Our Papa, "Bubber" William Wilkes, needs a KIDNEY!

February 16, 2016  •  Leave a Comment

http://www.bethechangebaf.com/blog/2016/2/our-papa-bubber-william-wilkes-needs-a-kidneyhttp://www.bethechangebaf.com/blog/2016/2/our-papa-bubber-william-wilkes-needs-a-kidney

This feature hits VERY close to home for me. This is my cousin Bubber Wilkes. I think everyone in Oconee County knows just who he is and I know each and everyone of you will SHARE his story and help him find the life saving kidney donor he needs! He has done so much for his community and it's time for his community to give back to him! PLEASE help Bubber if you can!

Our PaPa, Bubber Wilkes, Needs a Kidney​

Hello, my name is William Eddie (Bubber) Wilkes and I am a 67 year old husband, father of two, and grandfather to five precious grandchildren.  In September of 2015, I was diagnosed with IgA nephropathy.  My kidney function (estimated GFR) declined to 9% by year end.  Having been born with only one kidney, it’s important for it to function well. Despite medications and a restrictive diet, I have been unable to maintain a functioning kidney and I was forced to start dialysis on January 18, 2016.  

Currently, I serve as an Oconee County Commissioner in Watkinsville, Georgia.  Previously, I served Oconee County for 20 years and was re-elected to serve my current four year term.  Due to dialysis, it is difficult at times to attend all functions involved with being a Commissioner but I have not allowed my kidney failure to prevent me from continuing to serve the people of Oconee County.  In addition, I also work part-time with Lord and Stephens Funeral Home and enjoy spending time with family, especially my grandchildren.  

Four times a day, seven days a week, I do peritoneal home dialysis.  It is my hope to be approved for a peritoneal cycler. This would allow me to handle my dialysis each night while sleepingDialysis is a temporary solution to end stage renal failure. However, a kidney transplant would allow me to enjoy a healthy life again, restore my quality of life and allow me to resume normal day to day activities. Transplant recipients generally live twice as long as those who stay on dialysis and are not restricted by the challenge of routine dialysis therapy.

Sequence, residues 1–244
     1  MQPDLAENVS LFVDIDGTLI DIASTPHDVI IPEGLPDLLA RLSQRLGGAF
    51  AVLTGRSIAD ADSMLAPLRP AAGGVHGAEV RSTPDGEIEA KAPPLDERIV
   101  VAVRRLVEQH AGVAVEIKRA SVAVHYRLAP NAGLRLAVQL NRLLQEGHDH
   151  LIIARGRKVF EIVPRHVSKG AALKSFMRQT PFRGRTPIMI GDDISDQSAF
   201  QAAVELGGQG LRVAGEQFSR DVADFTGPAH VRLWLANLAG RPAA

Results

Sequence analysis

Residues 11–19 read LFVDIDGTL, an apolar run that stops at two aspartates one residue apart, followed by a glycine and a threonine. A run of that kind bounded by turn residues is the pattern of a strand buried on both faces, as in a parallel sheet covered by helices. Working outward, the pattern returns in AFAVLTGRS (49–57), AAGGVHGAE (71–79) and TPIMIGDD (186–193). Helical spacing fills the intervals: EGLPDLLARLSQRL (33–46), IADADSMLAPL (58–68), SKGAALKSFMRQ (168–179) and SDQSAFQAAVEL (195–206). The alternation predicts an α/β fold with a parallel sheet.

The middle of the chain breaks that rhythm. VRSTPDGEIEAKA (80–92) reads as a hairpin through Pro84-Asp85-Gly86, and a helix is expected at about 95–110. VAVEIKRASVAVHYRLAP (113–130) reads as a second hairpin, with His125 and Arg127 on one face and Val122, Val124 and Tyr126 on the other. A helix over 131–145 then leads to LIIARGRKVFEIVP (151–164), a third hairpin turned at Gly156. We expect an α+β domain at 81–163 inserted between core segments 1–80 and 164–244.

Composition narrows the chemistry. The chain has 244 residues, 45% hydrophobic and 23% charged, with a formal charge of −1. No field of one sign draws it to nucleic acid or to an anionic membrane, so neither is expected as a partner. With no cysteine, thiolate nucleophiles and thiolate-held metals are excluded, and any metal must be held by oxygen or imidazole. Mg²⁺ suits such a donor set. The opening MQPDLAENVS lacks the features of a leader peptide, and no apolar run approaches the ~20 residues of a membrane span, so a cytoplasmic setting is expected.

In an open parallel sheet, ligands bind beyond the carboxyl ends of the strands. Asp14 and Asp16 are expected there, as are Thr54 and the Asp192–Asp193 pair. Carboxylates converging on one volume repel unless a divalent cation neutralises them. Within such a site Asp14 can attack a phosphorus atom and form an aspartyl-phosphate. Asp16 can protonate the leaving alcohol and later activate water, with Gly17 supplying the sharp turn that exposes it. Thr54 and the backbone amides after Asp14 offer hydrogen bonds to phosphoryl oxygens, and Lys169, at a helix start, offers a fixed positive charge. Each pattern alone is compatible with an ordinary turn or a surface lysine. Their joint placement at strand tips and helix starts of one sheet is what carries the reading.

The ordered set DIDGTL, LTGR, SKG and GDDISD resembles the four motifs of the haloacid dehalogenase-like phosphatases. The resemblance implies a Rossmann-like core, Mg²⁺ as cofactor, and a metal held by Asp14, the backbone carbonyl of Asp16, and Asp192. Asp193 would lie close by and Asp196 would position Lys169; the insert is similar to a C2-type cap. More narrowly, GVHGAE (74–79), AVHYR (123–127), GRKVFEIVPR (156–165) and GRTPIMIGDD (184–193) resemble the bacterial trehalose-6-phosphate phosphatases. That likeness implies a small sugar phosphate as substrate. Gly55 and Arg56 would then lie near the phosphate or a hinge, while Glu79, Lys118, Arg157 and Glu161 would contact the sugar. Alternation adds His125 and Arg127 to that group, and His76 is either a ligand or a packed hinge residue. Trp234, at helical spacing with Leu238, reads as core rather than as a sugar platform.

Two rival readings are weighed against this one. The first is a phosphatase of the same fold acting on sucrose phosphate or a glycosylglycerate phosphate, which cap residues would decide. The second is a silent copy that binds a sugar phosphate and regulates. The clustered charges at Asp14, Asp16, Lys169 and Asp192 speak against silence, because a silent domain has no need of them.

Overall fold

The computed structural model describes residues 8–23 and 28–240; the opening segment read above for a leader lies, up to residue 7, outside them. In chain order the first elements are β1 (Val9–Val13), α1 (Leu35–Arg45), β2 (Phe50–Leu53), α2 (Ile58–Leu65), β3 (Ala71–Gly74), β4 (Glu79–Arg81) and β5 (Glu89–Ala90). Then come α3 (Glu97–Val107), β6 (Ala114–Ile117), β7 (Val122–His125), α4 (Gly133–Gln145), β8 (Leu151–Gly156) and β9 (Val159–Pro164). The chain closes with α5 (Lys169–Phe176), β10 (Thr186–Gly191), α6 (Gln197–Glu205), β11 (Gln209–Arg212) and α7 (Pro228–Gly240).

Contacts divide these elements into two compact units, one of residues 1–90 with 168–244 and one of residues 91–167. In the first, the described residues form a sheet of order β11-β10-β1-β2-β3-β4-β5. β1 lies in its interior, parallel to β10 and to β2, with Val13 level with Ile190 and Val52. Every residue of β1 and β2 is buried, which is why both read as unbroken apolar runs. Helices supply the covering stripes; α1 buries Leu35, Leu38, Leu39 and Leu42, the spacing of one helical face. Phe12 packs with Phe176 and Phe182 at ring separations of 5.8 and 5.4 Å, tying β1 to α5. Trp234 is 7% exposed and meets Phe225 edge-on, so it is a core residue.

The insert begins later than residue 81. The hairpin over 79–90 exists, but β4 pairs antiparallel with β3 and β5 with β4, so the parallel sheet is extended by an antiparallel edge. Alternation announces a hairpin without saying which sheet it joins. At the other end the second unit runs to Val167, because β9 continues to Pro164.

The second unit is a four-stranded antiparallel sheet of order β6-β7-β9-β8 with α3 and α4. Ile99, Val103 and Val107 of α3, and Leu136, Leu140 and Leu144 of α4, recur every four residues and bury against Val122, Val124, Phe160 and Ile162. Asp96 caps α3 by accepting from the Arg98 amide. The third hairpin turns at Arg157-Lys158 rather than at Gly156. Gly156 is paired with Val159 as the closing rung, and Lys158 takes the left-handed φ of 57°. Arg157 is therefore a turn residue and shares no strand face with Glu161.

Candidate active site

After completing my evaluation at Emory University Atlanta, I am awaiting approval to be placed on the transplant list.  My blood type is A negative. This enables me to receive a kidney from blood types A and O.  Kidneys from deceased donors function well, but a kidney from a living donor provides the greatest chance for long-term success.   Patients on dialysis have a 40 – 50% risk of dying within 5 years.  A living donor decreases that risk to 10 percent. 

 

The Emory transplant team will evaluate each potential donor very carefully to verify their ability to donate. New surgical techniques allow doctors to remove a kidney using smaller incisions than ever before.  Recovery time for the donor is short.  A typical stay in the hospital can be 2-3 days and back to work in a couple of weeks in most cases. 

 

If you are interested in becoming a living donor for me, contact the Emory Transplant Center.  The number is listed below.  When calling, please inform the transplant coordinator that you are interested in becoming a living donor for William Eddie Wilkes (full name must be given).  They will also need my date of birth:  9/16/48. The center also participates in the Kidney Paired Donation Program.

 

Your prayers and support is greatly appreciated.  I am placing my trust in the Lord and pray that someone will be willing to give me the gift of life.  Thank you again for making a difference. 

Emory Transplant Center
Atlanta, GA
1-
855- 366-7989 FREE


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